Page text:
(Copyright North Shore News 2006)

Hydrogen industry working as fast as it can

Raphael Lopoukhine offers a good look at the hydrogen industry in his article, Will Hydrogen Save the Planet? (North Shore News, Sept. 10).

However, there is some missing detail both from Joseph Romm's opinions and from our local growing hydrogen economy.

The article states that hydrogen is "too little too late" but doesn't offer alternatives if this is not the answer.

In fact, Romm himself is a proponent of hydrogen in the future, stating that "continued research into hydrogen remains important because of its potential to provide a pollution-free substitute for oil," although his current focus is on developing overall energy efficiency and renewable energy (some of which, coincidentally, is developing in hydrogen industry).

In fact, hydrogen can help store renewable energy -- capturing wind energy for use when wind isn't blowing, solar energy for nighttime, and hydro-electric energy during the night, for increased use during the day.

The Integrated Waste Hydrogen Utilization Project (IWHUP) in North Vancouver is attempting to address the "chicken and egg" problem Romm mentions by demonstrating a complete source-to-end use project: capturing, purifying and compressing hydrogen, then delivering it to fuelling stations for vehicles that will then use the hydrogen, as well as to an environmentally friendly car wash (they hope to be the first in the world to gain LEED -- Leadership in Energy and Environmental Design -- certification).

This project has the support and funding of three Canadian government agencies and uses internal combustion engine (ICE) vehicles -- currently mass-produced, which have then been converted to facilitate hydrogen -- quite a "practical car" in fact, to alleviate Romm's concerns and accelerate consumer accessibility.

True, government support and their role as an early adopter of this technology is critical to continue progress, but there is current progress in our own backyard.

The article states that the most common way to produce hydrogen is through fossil fuels. This is correct, and this type of production is believed to increase commercial acceptance by using current infrastructure while additional technology and new infrastructure is developed.

In the meantime, North Vancouver's Hydrogen Technology and Energy Corporation (HTEC) is capturing waste hydrogen, not producing it from fossil fuels. Once the North Vancouver demonstration is complete, this process can be increased and duplicated with the 20 Canadian plants that Sacre-Davey's Colin Armstrong mentions in the article.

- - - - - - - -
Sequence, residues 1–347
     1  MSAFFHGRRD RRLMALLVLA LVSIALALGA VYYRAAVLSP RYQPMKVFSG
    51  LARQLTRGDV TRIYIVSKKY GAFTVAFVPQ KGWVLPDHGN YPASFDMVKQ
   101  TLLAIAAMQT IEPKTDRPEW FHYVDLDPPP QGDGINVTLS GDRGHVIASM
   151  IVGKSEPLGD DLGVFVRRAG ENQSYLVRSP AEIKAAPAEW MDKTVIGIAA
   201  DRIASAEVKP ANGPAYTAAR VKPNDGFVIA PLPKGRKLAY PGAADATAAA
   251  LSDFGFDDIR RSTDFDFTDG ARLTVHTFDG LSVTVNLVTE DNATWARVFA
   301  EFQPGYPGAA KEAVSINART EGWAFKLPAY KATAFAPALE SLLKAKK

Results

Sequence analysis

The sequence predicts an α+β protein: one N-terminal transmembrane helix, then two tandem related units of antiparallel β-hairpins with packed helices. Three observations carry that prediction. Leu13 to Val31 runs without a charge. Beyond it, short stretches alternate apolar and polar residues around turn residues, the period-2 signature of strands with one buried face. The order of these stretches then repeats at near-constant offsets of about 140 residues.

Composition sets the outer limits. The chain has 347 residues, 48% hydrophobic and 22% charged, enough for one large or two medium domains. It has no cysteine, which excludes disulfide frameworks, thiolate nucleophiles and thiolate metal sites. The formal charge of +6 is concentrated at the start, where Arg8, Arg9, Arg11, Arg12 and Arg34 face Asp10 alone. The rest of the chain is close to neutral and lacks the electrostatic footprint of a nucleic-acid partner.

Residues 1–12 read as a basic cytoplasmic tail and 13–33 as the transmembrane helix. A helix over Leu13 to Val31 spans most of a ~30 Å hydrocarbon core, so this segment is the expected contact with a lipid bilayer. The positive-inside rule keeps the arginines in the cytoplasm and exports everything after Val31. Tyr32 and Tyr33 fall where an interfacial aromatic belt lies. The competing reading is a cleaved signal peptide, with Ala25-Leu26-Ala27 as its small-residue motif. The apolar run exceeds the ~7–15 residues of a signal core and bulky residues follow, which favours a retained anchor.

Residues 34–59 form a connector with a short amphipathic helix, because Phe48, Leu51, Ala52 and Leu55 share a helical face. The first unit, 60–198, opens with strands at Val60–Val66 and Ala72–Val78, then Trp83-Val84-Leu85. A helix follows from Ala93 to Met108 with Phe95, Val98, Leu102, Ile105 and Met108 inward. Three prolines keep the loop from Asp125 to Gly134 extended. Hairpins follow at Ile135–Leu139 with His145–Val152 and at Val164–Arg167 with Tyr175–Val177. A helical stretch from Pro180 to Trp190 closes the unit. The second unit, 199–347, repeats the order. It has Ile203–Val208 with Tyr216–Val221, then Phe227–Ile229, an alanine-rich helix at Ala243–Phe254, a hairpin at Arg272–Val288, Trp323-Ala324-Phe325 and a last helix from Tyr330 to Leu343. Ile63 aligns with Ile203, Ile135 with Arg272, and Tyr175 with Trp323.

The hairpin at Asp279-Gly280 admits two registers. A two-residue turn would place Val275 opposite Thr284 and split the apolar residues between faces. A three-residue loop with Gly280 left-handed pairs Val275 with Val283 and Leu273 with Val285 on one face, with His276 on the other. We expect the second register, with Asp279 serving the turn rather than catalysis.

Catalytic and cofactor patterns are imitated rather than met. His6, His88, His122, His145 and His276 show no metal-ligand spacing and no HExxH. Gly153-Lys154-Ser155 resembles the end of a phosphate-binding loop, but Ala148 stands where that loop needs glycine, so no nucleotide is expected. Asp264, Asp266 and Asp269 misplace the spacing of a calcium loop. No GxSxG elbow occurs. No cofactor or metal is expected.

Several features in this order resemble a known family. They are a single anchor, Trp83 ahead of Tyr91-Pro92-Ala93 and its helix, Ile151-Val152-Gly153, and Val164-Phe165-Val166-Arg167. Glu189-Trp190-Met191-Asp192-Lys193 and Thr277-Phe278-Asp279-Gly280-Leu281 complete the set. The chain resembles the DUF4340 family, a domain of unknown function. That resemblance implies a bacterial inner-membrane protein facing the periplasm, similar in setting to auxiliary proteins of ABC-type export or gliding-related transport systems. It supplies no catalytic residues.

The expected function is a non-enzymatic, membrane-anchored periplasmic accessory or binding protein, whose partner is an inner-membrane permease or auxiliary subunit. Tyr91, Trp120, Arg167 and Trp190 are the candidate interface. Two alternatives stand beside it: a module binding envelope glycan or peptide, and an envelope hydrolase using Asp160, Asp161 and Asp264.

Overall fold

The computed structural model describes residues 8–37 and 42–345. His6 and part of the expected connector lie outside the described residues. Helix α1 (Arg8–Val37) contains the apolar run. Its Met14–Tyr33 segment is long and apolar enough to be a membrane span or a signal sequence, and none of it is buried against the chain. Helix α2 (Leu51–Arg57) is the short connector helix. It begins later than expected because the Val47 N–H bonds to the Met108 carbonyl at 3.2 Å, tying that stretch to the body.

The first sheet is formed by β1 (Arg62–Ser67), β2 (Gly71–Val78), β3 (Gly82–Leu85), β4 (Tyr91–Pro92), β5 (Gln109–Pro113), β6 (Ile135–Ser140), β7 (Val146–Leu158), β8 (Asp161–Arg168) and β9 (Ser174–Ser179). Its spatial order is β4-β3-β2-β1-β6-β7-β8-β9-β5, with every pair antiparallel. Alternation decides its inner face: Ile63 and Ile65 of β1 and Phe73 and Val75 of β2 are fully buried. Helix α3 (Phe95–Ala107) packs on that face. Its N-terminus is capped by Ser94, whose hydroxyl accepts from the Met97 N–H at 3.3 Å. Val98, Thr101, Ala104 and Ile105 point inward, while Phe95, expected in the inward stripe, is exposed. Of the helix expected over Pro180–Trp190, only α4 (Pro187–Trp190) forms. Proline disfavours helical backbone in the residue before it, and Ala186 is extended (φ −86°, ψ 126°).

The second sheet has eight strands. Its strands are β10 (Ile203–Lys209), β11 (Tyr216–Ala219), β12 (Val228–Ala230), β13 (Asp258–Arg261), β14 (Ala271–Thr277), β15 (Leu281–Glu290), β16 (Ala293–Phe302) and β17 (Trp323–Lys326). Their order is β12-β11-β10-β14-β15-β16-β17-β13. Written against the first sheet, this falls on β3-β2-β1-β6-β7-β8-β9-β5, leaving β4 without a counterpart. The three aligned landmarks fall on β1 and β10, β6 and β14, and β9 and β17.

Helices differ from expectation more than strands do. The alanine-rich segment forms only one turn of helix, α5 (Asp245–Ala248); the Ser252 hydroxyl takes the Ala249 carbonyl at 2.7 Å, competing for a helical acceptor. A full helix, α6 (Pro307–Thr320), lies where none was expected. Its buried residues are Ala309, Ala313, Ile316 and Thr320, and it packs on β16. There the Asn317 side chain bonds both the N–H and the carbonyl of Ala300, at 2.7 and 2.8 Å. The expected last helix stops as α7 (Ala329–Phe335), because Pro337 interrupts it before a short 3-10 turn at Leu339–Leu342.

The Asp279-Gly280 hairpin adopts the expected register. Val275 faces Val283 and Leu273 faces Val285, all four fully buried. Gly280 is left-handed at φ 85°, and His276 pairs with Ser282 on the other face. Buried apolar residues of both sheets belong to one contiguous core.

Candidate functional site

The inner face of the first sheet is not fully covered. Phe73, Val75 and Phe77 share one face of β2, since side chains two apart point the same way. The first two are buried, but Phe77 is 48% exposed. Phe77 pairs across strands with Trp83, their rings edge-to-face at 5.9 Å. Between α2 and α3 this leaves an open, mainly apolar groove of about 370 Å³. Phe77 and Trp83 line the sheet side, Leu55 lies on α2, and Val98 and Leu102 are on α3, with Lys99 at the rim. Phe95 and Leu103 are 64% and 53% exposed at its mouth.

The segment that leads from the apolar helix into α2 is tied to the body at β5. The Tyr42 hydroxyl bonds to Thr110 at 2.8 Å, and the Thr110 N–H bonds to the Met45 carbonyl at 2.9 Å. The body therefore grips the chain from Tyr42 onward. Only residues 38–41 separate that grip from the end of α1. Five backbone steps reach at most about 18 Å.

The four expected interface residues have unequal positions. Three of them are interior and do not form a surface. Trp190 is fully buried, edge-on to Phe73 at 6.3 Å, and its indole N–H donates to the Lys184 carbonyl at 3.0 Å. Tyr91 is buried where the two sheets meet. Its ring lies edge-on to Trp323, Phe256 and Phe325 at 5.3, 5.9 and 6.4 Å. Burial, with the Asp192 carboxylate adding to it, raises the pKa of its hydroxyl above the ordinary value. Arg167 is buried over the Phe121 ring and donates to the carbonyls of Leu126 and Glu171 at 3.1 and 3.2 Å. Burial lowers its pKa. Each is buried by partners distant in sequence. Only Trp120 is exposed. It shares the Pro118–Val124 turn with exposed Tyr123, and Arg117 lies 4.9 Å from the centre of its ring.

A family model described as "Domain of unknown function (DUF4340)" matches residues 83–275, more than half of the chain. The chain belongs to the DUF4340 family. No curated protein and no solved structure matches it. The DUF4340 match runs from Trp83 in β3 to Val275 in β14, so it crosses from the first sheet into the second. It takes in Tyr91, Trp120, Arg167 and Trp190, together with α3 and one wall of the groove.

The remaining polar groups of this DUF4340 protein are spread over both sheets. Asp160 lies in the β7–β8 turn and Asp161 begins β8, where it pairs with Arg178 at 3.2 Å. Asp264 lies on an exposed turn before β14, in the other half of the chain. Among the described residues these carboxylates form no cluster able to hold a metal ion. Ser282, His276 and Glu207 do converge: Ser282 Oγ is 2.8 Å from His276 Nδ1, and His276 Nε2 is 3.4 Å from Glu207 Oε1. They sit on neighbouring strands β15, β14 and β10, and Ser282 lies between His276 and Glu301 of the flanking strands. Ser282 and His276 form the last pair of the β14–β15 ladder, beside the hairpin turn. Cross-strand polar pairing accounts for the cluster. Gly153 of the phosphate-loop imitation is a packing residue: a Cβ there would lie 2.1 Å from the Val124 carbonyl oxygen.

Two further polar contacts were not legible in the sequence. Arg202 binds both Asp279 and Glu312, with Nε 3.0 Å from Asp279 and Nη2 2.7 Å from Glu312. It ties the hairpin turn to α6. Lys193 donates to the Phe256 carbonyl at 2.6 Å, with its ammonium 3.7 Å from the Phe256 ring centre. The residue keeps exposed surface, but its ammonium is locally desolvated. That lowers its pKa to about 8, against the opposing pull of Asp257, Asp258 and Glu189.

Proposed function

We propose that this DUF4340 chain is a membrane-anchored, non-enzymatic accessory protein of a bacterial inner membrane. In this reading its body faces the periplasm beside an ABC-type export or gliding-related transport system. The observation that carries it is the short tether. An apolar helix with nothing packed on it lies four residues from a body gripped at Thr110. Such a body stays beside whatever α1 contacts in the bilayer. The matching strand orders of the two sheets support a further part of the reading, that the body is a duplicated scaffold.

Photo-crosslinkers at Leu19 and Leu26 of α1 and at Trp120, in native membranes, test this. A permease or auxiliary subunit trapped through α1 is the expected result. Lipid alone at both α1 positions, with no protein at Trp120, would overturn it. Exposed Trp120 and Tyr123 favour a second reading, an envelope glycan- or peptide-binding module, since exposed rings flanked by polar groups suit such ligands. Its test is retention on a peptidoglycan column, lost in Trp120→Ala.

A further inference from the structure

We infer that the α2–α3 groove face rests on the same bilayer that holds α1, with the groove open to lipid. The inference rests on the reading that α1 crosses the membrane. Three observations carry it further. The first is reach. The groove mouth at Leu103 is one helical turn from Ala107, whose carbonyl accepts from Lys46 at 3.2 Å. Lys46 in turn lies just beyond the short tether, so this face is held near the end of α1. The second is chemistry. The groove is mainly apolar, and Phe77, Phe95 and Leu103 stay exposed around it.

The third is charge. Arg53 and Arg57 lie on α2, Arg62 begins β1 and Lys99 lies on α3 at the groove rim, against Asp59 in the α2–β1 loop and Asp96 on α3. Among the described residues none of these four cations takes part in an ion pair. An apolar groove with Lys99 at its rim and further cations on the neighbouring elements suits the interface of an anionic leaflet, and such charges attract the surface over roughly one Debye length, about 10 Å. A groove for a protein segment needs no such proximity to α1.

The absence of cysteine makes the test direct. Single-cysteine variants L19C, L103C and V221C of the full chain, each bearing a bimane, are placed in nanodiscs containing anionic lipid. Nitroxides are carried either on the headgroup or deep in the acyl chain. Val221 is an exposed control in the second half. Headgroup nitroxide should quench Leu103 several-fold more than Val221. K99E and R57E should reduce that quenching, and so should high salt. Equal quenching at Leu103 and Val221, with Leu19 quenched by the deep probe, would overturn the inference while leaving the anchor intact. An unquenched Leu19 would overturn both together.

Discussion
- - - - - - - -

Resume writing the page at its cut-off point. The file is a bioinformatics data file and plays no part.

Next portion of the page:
Romm states that "flaring hydrogen . . . is just plain stupid." While this is rather inflammatory and judgmental, technology and funding have only just come together to be able to effectively capture it. He also said this hydrogen should be put back into the electrical grid. IWHUP's car wash is not only significantly reducing reliance on the electrical grid with its fuel cell, but it is sending excess energy back to the grid.

With the combination of this unique hydrogen source and plant, in addition to the vehicles and car wash, this project is being watched with interest by local, national and international businesses.

Romm's quote is right: "more is needed" to tackle climate change, but we must start somewhere, and hydrogen has a very good start.

The National Hydrogen Association states that hydrogen has been used for 50 years in large quantities around the world, and the United States produces over nine million metric tons of hydrogen annually, mostly for use in petroleum refining and fertilizer production -- enough to fuel 35 million cars, according to the U.S. Department of Energy. A good part of the infrastructure for this hydrogen is already in place.

One of the B.C. Hydrogen Highway's objectives with infrastructure is to increase public accessibility, through new hydrogen technology that will eventually be marketable. Much of this new technology may be just what Romm was looking for when he mentioned in 2004 that "major breakthroughs" were needed. Hydrogen proponents don't discount the importance of additional green house gas reductions and other climate change measures beyond hydrogen.

Those working with hydrogen do know that they are doing what they can, as fast as they can.

In the meantime, just what is happening in North Vancouver? To find out, visit IWHUP's public education session at Indigo Books' Marine Drive location on Saturday, Sept. 30 at 3 p.m.

Leigh Harris is a North Shore resident and the communications director for Sacre-Davey Innovations and the Integrated Waste Hydrogen Utilization Project.